Gaijinmama's Reviews > The Insomnia Workbook: A Comprehensive Guide to Getting the Sleep You Need

The Insomnia Workbook by Stephanie Silberman
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Oct 17, 2009

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bookshelves: nonfiction
Recommended for: people looking for drug-free approaches to sleep problems.
Read in September, 2009

I disagree with some of the author's ideas (for example, she's an advocate of "sleep-training " babies, which doesn't fit my parenting style or the culture I live in). Also, some of her points were obvious, No-Spit-Sherlock. I mean, really? Stress and too much caffeine can cause insomnia?? Who knew!
That said, this book has some good, straightforward advice and practical exercises, so I do recommend it for those who are just getting started dealing with drug-free approaches to sleep problems.
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Comments (showing 1-4 of 4) (4 new)

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message 1: by Maria (new)

Maria Aha. This might be good for my insomniac hubby. Sleep-training babies? Should I even ask?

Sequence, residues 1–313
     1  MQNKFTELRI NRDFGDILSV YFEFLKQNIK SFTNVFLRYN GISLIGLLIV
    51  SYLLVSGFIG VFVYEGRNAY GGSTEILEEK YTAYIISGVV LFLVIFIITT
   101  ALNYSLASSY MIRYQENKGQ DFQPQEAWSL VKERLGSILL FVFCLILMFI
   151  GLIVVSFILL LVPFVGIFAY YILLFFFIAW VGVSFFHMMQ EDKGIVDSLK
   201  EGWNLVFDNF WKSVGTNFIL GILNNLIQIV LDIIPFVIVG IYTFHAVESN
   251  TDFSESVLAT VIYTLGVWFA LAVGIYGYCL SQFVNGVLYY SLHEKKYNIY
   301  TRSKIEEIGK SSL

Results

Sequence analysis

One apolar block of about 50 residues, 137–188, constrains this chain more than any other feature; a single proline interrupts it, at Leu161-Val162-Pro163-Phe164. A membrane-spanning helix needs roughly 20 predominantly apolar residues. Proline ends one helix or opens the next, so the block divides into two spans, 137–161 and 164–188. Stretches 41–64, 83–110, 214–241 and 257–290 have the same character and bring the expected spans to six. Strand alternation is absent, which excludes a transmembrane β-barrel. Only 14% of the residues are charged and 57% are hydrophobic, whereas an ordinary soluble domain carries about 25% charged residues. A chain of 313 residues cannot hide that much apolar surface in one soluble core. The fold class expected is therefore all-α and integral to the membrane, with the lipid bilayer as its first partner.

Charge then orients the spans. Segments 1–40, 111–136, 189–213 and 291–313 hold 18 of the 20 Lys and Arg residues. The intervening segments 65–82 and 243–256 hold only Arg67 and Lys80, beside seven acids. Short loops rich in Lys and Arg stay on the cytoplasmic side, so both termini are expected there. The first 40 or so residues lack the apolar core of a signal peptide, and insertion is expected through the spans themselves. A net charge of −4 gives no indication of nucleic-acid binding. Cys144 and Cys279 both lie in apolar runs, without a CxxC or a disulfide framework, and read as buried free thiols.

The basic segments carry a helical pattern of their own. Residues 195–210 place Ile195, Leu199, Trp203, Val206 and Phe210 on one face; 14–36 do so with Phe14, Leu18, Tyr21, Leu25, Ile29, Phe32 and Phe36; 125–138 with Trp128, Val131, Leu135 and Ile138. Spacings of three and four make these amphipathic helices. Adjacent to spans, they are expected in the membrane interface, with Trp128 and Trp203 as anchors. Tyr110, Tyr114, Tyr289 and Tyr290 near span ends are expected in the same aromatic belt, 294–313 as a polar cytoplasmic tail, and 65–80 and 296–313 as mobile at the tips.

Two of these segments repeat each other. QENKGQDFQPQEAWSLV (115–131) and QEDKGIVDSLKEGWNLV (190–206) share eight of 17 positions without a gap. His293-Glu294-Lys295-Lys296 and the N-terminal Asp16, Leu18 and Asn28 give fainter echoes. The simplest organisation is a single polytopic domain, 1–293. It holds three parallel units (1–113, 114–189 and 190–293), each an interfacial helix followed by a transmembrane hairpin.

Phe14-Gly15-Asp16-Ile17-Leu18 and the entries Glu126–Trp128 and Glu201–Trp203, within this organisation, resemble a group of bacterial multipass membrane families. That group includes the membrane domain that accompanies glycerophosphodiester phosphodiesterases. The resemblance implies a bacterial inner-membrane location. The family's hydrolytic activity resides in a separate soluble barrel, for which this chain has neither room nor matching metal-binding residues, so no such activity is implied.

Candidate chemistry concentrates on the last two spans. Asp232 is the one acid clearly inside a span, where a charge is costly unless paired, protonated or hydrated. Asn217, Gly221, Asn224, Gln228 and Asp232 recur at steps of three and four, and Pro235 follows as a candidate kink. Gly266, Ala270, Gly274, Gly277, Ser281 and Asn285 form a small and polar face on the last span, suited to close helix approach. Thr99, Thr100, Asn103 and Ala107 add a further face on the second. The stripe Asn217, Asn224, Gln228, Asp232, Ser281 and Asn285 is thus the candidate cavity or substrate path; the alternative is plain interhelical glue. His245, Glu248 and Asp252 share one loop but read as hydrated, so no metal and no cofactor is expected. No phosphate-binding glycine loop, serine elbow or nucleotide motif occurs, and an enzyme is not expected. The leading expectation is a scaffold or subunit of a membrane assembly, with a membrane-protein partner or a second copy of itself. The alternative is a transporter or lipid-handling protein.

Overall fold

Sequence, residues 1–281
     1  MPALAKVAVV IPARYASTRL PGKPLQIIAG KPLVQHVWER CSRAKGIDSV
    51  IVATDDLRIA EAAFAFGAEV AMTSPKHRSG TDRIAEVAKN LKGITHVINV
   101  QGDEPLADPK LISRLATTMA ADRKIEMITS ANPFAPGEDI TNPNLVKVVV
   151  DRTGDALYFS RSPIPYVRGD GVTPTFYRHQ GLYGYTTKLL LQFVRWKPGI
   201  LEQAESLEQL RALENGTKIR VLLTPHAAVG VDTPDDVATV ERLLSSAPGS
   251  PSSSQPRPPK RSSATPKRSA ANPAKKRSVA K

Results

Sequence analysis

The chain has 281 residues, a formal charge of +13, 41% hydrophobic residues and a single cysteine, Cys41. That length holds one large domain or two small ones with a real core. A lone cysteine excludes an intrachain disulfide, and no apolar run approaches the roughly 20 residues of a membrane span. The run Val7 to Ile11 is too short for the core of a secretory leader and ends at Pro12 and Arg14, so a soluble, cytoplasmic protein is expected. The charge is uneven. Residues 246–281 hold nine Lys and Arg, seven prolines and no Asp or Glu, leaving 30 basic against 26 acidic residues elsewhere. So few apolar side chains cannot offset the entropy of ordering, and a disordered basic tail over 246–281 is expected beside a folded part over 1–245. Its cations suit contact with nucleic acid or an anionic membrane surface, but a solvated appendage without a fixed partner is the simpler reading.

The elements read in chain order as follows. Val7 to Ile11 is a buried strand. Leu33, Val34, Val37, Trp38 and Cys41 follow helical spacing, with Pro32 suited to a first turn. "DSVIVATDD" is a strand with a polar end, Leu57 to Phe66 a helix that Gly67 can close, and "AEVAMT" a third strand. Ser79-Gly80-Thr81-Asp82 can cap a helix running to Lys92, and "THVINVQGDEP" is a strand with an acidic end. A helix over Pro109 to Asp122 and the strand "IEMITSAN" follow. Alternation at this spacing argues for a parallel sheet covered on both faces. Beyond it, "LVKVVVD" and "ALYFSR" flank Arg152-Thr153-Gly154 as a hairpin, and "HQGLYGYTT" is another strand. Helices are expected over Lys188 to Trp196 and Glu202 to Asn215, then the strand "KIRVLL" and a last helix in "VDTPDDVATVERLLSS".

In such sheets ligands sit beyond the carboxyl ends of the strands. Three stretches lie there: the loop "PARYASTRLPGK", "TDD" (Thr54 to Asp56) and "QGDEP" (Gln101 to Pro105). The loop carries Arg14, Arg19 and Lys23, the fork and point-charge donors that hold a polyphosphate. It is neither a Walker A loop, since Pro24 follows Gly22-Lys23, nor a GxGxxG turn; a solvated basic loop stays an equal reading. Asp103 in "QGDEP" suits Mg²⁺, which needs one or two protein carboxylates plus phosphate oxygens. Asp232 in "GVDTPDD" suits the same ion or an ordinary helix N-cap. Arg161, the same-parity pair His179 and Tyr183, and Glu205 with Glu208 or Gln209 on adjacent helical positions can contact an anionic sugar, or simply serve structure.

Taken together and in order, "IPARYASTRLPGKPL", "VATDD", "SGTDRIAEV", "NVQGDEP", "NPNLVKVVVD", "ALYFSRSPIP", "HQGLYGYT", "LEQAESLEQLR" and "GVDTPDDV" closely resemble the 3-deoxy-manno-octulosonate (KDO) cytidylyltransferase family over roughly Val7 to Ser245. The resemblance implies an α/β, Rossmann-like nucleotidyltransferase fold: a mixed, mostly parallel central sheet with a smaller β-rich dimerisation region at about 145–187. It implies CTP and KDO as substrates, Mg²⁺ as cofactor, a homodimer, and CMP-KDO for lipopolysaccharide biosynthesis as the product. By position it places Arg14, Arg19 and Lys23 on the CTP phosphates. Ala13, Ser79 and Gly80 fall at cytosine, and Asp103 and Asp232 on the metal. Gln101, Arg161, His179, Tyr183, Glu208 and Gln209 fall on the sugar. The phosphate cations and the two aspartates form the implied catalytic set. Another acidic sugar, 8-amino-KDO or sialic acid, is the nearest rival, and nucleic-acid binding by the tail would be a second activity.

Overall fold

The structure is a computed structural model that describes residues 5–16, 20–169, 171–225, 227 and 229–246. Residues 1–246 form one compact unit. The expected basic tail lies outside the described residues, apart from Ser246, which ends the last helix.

message 2: by Gaijinmama (last edited Sep 11, 2009 06:16PM) (new) - rated it 3 stars

Gaijinmama The author is very clear that babies should "learn to go to sleep on their own" and is against co-sleeping. In Japan almost everyone sleeps with their kids when they're little and the idea of "training" a baby by letting him or her cry it out would be considered cruel (and inconsiderate to the neighbors! LOL)
I'm actually convinced that one reason I have sleep problems as an adult, is from being forced to go to bed (alone, in my own room) at a set, rigid time, when I wasn't sleepy yet.
Anyway, my kids are no longer babies, but I did sleep with them as long as they needed me, and I actually didn't have such bad insomnia then.


message 3: by Maria (new)

Maria It's funny how cultural differences are so varied -- Greek mothers will only half-heartedly remove the baby to another room if advocated by an "authority" but when the baby cries it's right back to mommy's bed. My kids went back and forth for years, contrary to societal norms of the day, and as newborns were in a cradle next to me. I think we usually do what our mothers taught us. Where did you grow up?


Gaijinmama Connecticut and Los Angeles.
Yeah, it's hard NOT to do what our mothers taught us.
And my mom takes it kind of personally that I have made some different choices.
Anyway, in Japan it's normal to sleep with your kids and not to let babies cry it out.
I liked being with them actually. I mean, we have earthquakes here, it was good to have my babies right next to me.


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